Photo by sergio souza on Unsplash
1. I’ve never heard of Ubatuba, but it’s in Brazil and it looks like it could be in Europe, but it’s actually in the state of Sao Paulo and just west of Rio de Janeiro. The Tropic of Capricorn crosses the city and the bay is surrounded by the Serra do Mar mountains. Of all things, the Serra do Mar State park covers 780,000 acres. That’s not a typo and that’s a ton of acres.
2. There’s a new documentary that’s set to run on ESPN called The Infinite Race, which somewhat debunks the myth of the barefoot runners of Tarahumara. A handful of years ago, there was this movement that barefoot running was the the way that we should run and so you saw a lot of people running in these funning looking coverings for their feet. The Tarahumara were popularized by the book Born to Run by Christopher McDougall. Youssouf would prefer to go barefoot spring, summer, fall, and winter. His feet are like those shoes described above. It’s amazing. I’ve run in Altra, which are zero drop running shoes (and as close to barefoot that I’ll get) and I enjoyed running in them, but have recently settled on a 4 mm drop, which seems negligible. Back to the point of this link, this whole movement of barefoot running may have been based on something that the Tarahumara really don’t even believe in. They probably ran barefoot because of lack of resources, but maybe if given the choice, they’d like some Saucony’s.
3. Sidetracked Magazine follows Matt and Clare through their tour of Norway, somewhat following the path of Matt’s grandfather, who had toured Norway decades earlier. They also use the term “freedom camp” which I guess is the idea that they are allowed to camp anywhere they can find a plot of land, which is terrific.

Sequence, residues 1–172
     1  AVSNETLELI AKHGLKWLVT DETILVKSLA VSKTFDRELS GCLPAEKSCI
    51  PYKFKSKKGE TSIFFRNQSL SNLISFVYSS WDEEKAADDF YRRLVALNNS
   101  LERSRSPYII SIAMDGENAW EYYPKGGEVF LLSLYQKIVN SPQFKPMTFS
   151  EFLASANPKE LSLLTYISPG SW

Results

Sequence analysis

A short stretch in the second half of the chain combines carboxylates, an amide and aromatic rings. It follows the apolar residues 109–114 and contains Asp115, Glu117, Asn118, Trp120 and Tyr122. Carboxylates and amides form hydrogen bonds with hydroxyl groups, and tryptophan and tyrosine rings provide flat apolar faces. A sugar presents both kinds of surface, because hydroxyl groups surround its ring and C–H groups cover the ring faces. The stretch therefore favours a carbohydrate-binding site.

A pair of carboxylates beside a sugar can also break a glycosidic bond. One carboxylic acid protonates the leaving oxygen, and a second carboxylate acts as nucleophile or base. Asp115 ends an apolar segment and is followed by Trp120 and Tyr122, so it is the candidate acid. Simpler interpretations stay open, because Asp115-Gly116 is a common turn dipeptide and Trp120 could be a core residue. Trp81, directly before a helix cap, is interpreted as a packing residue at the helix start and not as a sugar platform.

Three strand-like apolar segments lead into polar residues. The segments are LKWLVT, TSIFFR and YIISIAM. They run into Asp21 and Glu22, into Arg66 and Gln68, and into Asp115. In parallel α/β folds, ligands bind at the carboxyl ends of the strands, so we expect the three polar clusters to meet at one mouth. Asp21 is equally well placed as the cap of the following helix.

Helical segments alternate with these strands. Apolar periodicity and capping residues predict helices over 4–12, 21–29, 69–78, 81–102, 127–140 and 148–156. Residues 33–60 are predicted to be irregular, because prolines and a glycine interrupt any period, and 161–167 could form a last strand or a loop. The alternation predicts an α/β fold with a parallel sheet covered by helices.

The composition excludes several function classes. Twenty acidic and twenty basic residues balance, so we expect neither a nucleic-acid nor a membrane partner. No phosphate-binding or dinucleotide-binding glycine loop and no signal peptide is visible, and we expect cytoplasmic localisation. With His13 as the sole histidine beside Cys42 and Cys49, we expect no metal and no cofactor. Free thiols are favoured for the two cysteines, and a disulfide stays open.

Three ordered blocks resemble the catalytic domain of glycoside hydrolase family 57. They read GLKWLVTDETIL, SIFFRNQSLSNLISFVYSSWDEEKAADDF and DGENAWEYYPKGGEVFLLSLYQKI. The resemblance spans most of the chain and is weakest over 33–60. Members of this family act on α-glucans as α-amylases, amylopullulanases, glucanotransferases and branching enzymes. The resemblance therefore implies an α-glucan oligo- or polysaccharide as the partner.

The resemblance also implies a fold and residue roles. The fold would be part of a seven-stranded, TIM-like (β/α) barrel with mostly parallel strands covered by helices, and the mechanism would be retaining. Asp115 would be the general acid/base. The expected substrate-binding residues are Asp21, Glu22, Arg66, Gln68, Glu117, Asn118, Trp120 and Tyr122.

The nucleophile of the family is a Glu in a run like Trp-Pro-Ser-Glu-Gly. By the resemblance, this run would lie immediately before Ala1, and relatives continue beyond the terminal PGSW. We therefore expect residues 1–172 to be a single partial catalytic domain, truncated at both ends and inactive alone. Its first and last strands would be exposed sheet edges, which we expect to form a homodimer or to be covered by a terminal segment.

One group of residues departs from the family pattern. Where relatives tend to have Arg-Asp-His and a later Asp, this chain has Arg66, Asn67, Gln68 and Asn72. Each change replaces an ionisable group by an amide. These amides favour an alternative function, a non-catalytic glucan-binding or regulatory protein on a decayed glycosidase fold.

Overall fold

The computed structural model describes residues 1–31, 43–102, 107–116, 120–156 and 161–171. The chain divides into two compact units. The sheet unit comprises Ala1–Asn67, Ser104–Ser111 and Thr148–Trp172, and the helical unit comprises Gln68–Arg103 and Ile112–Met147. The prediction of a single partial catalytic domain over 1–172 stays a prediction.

4. Via Outside Online, the man who found Forest Fenn’s treasure.
This past June, Fenn announced that the treasure had been found by a man from “back east” who wanted to remain anonymous—even, once we were in contact, to me. So despite exchanging dozens of emails with the finder, and discussing the details of the chest and what locating it meant to him, I never pressed him about who he was, and he never volunteered.
Last week, he told me the situation had changed. Fenn had been targeted by lawsuits both before and after the chest was found, by hunters claiming that the treasure was rightfully theirs. One of the lawsuits, filed immediately after Fenn announced the hunt was over, also targets the unknown finder as a defendant, claiming that he had stolen the plaintiff’s solve and used it to find the chest. That litigation had advanced to a procedural stage during which the finder expected his name would likely come out in court. So while he remained guarded about his solve and the location where he discovered the treasure, he now didn’t mind telling me who he really was.
And that’s when I learned that a 32-year-old Michigan native and medical student was the person who had finally solved Fenn’s poem. His name is Jack Stuef.
5. Do you know what swim run is? Via Men’s Heath a description of what swim run is, which it is basically a race that was started in Sweden where you run and swim with what you have on your body and typically consists of 75 kilometers, 10 swimming and 65running. But there’s no minimum or max, but I think the general idea is that the standard course is 13 total miles of swimming and running. This would be a great thing to try, but I can’t really swim for shit (I can swim but I’m not a good swimmer).